An armada of more than a million eels is mysteriously swimming towards Britain, exploiting a spring tide and a full moon to arrive in unprecedented numbers.
And waiting with nets for the migration will be teams of conservationists, hoping to smooth the eels’ passage up rivers and avoid man-made flood defences.
For decades, eel numbers had dwindled to the point that they were considered critically endangered. But on Monday night, at least a million juvenile eels are expected to swim up a single British river – the Parrett, which flows through Dorset and Somerset. This will trigger a massive operation by conservationists to catch as many of the slippery eels – known as glass eels – in nets, and transport them round flood defences and weirs blocking their path upriver.
Another influx of young eels, and a similar effort by conservationists to help them round man-made obstacles, is expected on the River Severn in April. Later this year, the Sustainable Eel Group (SEG) plans to restock wetland habitats across England and Wales, particularly East Anglia.
“What we are attempting over the coming months will be the greatest relocation ever done in the UK,” said Andrew Kerr, SEG’s chairman.
If successful, the operation will hold out the hope of a remarkable, and baffling, comeback for the European eel (Anguilla anguilla). From the late 1970s, eels, once regarded as so common they were looked upon as food for the poor, have suffered a severe decline in the UK and across Europe. Glass eels, the almost transparent juvenile form, had slumped by up to 99 per cent compared with 1979 levels. The International Union for the Conservation of Nature (IUCN) classified the European eel as critically endangered.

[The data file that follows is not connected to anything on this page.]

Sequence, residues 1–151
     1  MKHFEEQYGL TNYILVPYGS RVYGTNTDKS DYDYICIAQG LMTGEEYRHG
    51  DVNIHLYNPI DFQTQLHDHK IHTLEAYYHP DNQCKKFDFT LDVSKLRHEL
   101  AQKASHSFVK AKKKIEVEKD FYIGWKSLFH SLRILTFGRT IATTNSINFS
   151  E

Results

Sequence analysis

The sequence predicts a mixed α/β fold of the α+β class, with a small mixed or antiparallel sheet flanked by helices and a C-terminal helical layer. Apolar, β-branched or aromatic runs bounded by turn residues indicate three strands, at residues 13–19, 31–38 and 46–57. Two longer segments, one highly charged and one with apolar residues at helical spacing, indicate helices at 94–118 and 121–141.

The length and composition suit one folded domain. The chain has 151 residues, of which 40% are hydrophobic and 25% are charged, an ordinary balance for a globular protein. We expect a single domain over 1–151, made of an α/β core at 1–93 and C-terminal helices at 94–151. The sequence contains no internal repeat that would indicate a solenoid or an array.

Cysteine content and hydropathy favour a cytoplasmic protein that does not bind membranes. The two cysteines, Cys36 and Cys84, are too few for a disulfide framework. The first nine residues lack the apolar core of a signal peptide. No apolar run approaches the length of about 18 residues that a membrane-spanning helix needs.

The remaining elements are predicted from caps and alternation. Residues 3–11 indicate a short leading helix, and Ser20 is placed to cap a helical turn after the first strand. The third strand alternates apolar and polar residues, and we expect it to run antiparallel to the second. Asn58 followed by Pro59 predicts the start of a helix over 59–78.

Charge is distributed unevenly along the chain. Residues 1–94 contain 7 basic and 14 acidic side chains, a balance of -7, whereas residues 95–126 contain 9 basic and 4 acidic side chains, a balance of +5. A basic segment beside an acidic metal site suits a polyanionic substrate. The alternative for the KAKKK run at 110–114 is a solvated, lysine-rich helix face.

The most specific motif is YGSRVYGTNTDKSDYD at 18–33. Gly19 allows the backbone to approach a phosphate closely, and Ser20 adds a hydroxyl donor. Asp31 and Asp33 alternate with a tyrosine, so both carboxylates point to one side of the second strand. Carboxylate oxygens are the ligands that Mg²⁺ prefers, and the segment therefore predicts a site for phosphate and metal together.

In the past three years, however, more and more glass eels have started appearing in UK rivers. Experts have yet to explain the unexpected revival, adding to the mystery surrounding a fish that has baffled scientists for centuries.
It took naturalists until the 18th century to work out that eels were fish. The Greek philosopher Aristotle had contended they were “born of earthworms”.
European eels are thought to breed in the Sargasso Sea south of Bermuda, but even this has yet to be confirmed, because spawning of eels in the ocean has never been observed. It is thought, however, that the tiny young eels due to arrive in the UK tomorrow will have drifted with the Gulf Stream for 300 days before making their way up the River Parrett. Conservationists awaiting their arrival are hopeful that 2014 will prove to the best eel season for up to 35 years.
Mr Kerr said: “A million fish in one night on the Parrett would be a phenomenal number. Last year we collected a million but it took us the whole season. This year there are so many we should manage to match it in one night. It would be madness to leave them on the wrong side of barriers where they’ll die.”